NC Dems hope to ride wave to turn tide in House
Posted November 24, 2017 4:59 p.m. EST
Updated November 24, 2017 6:46 p.m. EST
Raleigh, N.C. — Although it is months before candidates must register to run for office in 2018, it's already clear that there will be some new faces in state government. That's because a number of lawmakers have already announced plans not to run for re-election.
Wilson Rep. Susan Martin, a Republican, is a three-term member of House leadership. She said this week she won't seek a fourth term. In the Senate, Republican Cathy Dunn from Davidson County cited health reasons for bowing out next year.
Ron Rabin, of Harnett County, Wake County's Chad Barefoot, Bill Cook, of Beaufort County, and Union County's Tommy Tucker have all also taken their names off the list. As the court battle over redrawing districts continues, others may follow suit.
Longtime GOP political strategist Carter Wrenn says that while each lawmaker has personal reasons for choosing to step down, the big picture shows 2018 shaping up as a tough year for tRepublicans.
Some, like Barefoot, were drawn into districts with other incumbents. In other cases, like Martin, their re-drawn districts became harder to win.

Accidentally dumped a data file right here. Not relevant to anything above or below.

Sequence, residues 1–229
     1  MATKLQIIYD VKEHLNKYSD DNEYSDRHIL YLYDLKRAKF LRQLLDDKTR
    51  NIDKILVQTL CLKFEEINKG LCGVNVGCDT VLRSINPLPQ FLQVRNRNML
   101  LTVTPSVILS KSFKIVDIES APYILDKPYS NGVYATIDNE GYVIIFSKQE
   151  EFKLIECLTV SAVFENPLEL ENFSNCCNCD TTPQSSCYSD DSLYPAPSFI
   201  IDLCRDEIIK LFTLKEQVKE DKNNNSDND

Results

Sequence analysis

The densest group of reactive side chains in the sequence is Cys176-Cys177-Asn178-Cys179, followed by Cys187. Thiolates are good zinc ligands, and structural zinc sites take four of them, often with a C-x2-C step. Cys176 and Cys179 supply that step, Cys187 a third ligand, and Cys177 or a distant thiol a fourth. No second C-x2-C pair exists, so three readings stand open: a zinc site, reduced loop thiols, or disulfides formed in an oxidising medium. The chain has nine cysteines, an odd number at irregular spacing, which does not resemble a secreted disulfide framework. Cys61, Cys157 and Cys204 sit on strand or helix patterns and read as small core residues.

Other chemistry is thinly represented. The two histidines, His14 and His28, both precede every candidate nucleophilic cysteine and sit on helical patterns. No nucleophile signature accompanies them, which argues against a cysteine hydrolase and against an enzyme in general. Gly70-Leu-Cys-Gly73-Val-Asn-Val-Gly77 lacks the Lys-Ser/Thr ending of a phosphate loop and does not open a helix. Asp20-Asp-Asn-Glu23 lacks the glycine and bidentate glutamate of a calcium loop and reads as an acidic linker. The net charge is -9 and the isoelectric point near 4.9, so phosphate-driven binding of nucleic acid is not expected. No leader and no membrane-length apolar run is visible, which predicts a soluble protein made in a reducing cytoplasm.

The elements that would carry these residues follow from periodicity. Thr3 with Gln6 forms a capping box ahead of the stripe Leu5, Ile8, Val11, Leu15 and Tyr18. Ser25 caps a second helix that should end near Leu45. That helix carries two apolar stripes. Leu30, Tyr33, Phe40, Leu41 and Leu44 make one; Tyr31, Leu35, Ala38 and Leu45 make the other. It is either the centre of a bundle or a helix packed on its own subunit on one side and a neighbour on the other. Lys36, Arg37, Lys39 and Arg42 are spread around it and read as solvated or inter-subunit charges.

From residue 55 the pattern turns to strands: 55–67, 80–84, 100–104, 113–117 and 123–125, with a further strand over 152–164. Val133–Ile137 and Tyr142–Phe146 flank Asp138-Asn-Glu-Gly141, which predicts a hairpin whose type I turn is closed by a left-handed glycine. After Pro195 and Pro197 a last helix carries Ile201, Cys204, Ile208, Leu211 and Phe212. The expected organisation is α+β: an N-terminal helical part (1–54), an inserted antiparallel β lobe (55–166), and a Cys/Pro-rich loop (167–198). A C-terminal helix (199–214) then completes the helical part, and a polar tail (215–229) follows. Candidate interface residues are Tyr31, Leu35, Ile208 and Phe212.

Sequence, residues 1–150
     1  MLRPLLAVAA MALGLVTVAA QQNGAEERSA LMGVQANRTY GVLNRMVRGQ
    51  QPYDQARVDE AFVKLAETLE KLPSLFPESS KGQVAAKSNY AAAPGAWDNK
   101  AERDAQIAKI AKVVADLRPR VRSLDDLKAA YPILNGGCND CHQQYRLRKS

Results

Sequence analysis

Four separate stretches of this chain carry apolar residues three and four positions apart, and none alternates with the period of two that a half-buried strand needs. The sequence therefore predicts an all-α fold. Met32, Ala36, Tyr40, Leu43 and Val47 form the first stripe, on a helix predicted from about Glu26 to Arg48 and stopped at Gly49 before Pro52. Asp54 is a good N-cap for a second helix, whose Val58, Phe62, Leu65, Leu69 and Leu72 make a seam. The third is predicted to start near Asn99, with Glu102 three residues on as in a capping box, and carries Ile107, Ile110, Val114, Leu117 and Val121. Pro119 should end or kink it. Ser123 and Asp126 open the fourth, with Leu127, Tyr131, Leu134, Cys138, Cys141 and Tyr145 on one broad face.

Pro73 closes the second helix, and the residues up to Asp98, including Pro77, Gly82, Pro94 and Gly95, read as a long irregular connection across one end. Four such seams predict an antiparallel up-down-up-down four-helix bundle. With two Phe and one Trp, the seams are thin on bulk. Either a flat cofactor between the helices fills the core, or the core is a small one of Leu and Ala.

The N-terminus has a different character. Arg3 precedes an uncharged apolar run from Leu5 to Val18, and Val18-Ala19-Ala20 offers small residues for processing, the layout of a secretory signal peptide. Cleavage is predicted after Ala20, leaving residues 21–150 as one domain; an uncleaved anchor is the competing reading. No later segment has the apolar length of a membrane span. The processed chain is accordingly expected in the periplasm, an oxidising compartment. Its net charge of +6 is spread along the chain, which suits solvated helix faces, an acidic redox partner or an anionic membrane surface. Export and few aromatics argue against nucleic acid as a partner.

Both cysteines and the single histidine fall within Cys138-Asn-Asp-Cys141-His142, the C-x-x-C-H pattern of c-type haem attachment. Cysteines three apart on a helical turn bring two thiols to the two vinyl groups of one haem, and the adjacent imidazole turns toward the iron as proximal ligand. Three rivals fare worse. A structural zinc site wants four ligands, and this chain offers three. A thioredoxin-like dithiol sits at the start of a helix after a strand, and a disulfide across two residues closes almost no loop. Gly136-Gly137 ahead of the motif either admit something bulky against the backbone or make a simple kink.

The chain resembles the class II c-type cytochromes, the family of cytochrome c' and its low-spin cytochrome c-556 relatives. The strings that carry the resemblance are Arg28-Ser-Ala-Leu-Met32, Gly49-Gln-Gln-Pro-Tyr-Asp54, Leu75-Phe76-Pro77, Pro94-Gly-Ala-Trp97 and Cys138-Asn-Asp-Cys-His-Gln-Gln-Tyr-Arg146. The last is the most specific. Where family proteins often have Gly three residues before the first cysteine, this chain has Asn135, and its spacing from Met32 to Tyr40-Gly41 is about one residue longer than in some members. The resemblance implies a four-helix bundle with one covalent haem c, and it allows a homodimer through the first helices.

"She was in a sort of swing district, and they tilted it the other way. So it's more Democratic. It's a pretty uphill fight for her to win," Wrenn said.
But, Wrenn adds, the national political climate could also be a factor.
Wrenn says it's not at all unusual for the party that loses the White House to win state and congressional seats in the next cycle. It's known as a "wave election," and it happened in 2010 after President Barack Obama's first election.
Earlier this month, Democrats made huge gains in the Virginia statehouse, overturning even senior Republicans.
"Will it happen? Right now it seems to be happening," Wrenn said. "A lot can happen between now and next November.
"If you’re a Republican at this point, your wisest path is to assume the worst and get ready, and hope you weather the storm."
Democrats are hoping to flip five state House seats to break the GOP's veto-proof majority there.
Wrenn believes that is a possibility. State Democratic Party spokesman Robert Howard agrees.
"New, less-partisan districts, a political climate fueled by people's frustration with Republican attempts to rig the system against the middle class, and strong Democratic challengers will make even the most gerrymandered Republican districts competitive," Howard said in a statement.